Saturday Links for the Week — October 20, 2007

Global Warming Chris Britt
Cartoon by Chris Britt

Canadian consumer debt load becoming unsustainable: A recent survey of Canadians suggests:

  • For all except the richest, net worth is stagnant or dropping, while total assets and total debts are rising. So while people might appear and feel more affluent, they aren’t. They’re also terribly vulnerable to a spike in interest rates, a US-style housing price slump, a job loss, pay cut or a decline in the value of their investments.
  • What’s really scary is that they don’t think they’re vulnerable to any of these things. The only people who do are those who have found out the hard way, from actual experience.
  • They think their debts are falling when they aren’t, they’re just shifting, especially to unsecured consumer credit card debt.
  • Many Canadians have more debts than assets, i.e. a negative net worth.
  • In addition to the negative-net-worth segment, many Canadians are living beyond their means — they are depending on future increases in income or housing prices to make their debt load manageable and repayable.
  • Really only a small proportion of older, wealthier, long-tenured employees have defined-benefit pension plans, the only plans that are relatively recession-proof. The next decade may see the last group (early boomers) who will ever be able to afford to retire.

Debilitating drought grips US South-East and parts of US West: The NYT reports that several regions of the US, notably the South-East, are facing their worst drought in a century. Listen to the interviewees’ comments in the report and you’ll see why water shortages are so insidious — they creep up on you and cause unimaginable chaos.

The Right to Security — but not to insurance: Many of us in affluent nations take security for granted, and view it as our right. 9/11 has changed that, but nevertheless our approach to coping with risks to our security that are low-probability but high-consequence (like hurricanes and earthquakes) is to buy insurance. But what happens when (private profit-oriented) insurance companies just stop selling insurance to those who need it?

Grim news on the Peak Oil front:
Jim Lemon of U of Toronto (via Charles Hall) offers this synopsis of the latest (Oct. 15) edition of Peak Oil Review:

  • The high record (nominal) prices in oil on Friday ($90/bbl) reflected the International Energy Association’s projection of oil shortfalls, climatologists’ expectation of a colder winter in North America and Turkey fussing about Kurds.
  • Canadian natural gas story again–fall off of output–decline in exports to US; IEA says the Alberta tar sands will only “dent” the need for oil (Eric Reguly reported this in Globe and Mail in which he says that that they are hardly our saviour)
  • Kazahstan’s big new field slow in starting (I recall difficult geology at the north end of Caspian)  etc.
  • Interesting and enlightening analysis of peak vs plateau view of oil (incl liquid natural gas) future.  Dutch author says the super giant/giant fields have been on a plateau since 1980 and from his graphs he thinks conventional oil peaked in 05/06 (as we have noted earlier). So how much more can come from enhancement meaning new technologies, the ability to get resources in ‘reserves’ category (that is possible+probable+proven) to the probable+proven category. Proven usually means 90% if I recall, probable 50%. He thinks we will hold more or less on a plateau for the next 3 years, but then…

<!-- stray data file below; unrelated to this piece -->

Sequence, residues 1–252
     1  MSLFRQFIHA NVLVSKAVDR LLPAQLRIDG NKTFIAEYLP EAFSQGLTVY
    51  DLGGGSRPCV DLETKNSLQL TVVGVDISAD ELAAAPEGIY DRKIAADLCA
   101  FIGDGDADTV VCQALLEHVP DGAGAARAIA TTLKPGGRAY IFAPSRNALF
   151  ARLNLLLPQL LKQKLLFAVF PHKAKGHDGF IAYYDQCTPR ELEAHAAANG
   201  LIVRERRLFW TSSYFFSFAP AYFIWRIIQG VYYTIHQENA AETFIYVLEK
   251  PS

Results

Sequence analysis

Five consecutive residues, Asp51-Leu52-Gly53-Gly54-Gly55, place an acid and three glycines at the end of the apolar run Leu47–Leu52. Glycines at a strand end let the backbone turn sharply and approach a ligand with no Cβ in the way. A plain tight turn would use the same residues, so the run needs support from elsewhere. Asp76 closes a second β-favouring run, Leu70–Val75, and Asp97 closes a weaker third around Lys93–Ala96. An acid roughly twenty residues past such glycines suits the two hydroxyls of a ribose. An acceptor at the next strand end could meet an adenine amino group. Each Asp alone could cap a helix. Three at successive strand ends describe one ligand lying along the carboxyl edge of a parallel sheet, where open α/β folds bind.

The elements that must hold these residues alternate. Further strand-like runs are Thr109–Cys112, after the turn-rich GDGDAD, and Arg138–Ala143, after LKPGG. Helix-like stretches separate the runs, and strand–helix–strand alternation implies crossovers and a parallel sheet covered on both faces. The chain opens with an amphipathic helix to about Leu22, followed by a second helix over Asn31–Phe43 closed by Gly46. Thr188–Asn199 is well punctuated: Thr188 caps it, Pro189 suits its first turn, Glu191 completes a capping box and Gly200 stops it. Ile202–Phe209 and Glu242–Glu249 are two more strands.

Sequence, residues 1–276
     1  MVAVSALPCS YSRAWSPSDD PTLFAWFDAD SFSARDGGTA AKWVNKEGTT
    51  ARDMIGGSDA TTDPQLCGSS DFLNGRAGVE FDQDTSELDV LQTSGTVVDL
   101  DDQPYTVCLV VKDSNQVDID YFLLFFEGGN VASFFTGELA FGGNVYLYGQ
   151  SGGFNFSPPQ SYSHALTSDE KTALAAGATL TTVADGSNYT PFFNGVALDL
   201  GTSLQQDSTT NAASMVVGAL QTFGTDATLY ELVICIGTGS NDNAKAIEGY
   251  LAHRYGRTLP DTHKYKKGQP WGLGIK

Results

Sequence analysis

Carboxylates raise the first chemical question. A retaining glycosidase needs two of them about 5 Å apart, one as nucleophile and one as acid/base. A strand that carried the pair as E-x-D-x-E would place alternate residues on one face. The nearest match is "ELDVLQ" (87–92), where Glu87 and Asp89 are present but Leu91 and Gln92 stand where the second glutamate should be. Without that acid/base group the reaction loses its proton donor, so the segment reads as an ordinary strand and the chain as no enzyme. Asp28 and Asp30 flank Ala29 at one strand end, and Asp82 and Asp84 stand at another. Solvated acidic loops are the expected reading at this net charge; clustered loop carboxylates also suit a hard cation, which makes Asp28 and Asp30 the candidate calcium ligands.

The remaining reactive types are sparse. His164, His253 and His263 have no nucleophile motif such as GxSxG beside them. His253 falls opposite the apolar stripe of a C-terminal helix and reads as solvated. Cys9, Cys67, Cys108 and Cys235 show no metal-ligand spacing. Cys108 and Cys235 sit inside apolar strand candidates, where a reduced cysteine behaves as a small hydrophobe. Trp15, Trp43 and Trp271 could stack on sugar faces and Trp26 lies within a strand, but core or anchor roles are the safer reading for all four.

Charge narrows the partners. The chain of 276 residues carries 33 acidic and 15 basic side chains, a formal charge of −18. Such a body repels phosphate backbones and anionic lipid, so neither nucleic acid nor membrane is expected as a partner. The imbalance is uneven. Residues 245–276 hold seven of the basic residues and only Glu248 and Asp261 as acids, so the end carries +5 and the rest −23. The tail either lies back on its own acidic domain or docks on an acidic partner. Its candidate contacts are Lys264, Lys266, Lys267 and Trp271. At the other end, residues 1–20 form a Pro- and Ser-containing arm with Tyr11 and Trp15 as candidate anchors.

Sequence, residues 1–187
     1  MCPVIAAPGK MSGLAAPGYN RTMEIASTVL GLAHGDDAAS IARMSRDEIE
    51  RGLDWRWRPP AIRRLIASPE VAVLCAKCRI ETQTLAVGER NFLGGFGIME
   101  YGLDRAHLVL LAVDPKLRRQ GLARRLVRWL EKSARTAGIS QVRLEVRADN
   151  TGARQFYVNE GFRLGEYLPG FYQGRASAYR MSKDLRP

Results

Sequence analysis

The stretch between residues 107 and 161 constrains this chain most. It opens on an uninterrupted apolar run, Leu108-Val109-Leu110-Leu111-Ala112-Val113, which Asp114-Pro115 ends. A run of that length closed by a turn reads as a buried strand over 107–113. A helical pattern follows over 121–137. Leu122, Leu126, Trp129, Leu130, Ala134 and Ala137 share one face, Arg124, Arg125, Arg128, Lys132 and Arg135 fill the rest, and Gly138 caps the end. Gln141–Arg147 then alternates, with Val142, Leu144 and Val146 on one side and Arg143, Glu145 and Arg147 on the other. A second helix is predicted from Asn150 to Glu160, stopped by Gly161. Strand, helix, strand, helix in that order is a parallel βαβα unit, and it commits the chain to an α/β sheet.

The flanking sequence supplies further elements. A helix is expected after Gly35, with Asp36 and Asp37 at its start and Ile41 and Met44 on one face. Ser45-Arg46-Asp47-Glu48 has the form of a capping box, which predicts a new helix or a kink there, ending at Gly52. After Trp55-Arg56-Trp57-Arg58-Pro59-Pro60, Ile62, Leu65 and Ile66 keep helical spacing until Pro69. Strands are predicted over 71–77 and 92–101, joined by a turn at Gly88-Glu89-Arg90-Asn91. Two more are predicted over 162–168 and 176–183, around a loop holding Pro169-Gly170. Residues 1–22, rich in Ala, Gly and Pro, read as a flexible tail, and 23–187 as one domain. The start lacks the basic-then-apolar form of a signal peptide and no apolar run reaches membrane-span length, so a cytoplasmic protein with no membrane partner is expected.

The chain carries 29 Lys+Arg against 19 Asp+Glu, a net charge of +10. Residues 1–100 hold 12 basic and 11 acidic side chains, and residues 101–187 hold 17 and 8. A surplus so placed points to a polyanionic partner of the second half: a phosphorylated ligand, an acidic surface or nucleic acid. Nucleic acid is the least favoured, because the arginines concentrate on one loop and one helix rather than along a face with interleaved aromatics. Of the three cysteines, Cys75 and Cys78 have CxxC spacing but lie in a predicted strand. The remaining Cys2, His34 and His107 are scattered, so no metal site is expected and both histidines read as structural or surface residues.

Achieving Zero Waste: Dale Asberry’s new blog points us to this exhaustive global survey of attempts to achieve zero waste in human activities, by Michael Jessen. Zero waste is an absolute precondition to sustainability.

Great short video on the Information R/evolution: Just go watch it. Fascinating. Send to me by three readers, which is exactly the video’s point. Watch more of cultural anthropologist Michael Wesch’s brilliant stuff. Like this one on education. And this one on how the point of Web 2.0 is that we are teaching the machine what’s important and why, and that we are the machine.

The end-state of Reality TV?: For voyeurs and exhibitionists everywhere, you can now anonymously broadcast your life 24 hours per day, or watch any of a hundred other people’s, thanks to
My blog mentioned in Toronto Globe & Mail: Technology columnist Shane Schick reviewed one of my recent blog posts in Thursday’s Report on Business in his regular Recommended Links column. Another fifteen minutes of fame.

Thought for the Week: Via Johnnie Moore, from Gabriele Lakomski’s book Managing Without Leadership:

Our everyday experience tells us that organisational life is messy and complex and that those in positions of leadership are neither omniscient nor infallible. Why, then, do we quite readily believe that there is a causal link between organisational functioning and leadership? Why do we not believe our own experience that how things work in organisations is much more complicated?

…In a naturalistic redescription of the [leadership] phenomenon, we might view it as an emergent, self-organising property of complex systems. There would then be no need for engaging in more leadership studies: instead, we could redirect our attention to the study of the fine-grained properties of contextualised organisational practice.

Posted from Vancouver.

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